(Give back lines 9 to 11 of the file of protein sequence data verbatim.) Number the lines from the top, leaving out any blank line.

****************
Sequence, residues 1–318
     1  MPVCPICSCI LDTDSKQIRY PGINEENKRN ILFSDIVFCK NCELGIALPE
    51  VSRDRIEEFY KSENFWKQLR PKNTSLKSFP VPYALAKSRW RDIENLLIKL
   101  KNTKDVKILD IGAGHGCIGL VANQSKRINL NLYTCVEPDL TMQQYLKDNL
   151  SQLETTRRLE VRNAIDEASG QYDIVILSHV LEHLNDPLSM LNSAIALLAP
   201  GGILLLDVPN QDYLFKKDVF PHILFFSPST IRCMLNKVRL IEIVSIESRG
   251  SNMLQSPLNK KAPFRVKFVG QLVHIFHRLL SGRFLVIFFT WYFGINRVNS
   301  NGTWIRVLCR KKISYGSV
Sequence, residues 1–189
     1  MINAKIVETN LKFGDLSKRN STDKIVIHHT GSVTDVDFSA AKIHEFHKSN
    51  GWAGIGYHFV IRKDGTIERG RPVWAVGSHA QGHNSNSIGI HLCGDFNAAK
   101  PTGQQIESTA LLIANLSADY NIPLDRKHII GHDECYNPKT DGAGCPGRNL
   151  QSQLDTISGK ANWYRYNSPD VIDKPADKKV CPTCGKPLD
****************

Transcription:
Sequence, residues 1–189
     1  MINAKIVETN LKFGDLSKRN STDKIVIHHT GSVTDVDFSA AKIHEFHKSN
    51  GWAGIGYHFV IRKDGTIERG RPVWAVGSHA QGHNSNSIGI HLCGDFNAAK